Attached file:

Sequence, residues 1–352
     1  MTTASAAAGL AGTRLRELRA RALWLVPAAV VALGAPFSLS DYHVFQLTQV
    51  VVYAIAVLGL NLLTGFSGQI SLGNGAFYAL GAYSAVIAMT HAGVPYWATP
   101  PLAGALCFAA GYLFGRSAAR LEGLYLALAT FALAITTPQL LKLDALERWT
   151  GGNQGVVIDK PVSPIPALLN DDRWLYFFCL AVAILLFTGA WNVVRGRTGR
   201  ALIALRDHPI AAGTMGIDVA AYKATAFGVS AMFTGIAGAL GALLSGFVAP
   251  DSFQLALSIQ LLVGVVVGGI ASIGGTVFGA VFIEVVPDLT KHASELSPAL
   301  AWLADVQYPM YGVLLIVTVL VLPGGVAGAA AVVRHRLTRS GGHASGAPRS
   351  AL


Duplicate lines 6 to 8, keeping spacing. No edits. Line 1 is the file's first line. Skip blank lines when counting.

   201  ALIALRDHPI AAGTMGIDVA AYKATAFGVS AMFTGIAGAL GALLSGFVAP
   251  DSFQLALSIQ LLVGVVVGGI ASIGGTVFGA VFIEVVPDLT KHASELSPAL
   301  AWLADVQYPM YGVLLIVTVL VLPGGVAGAA AVVRHRLTRS GGHASGAPRS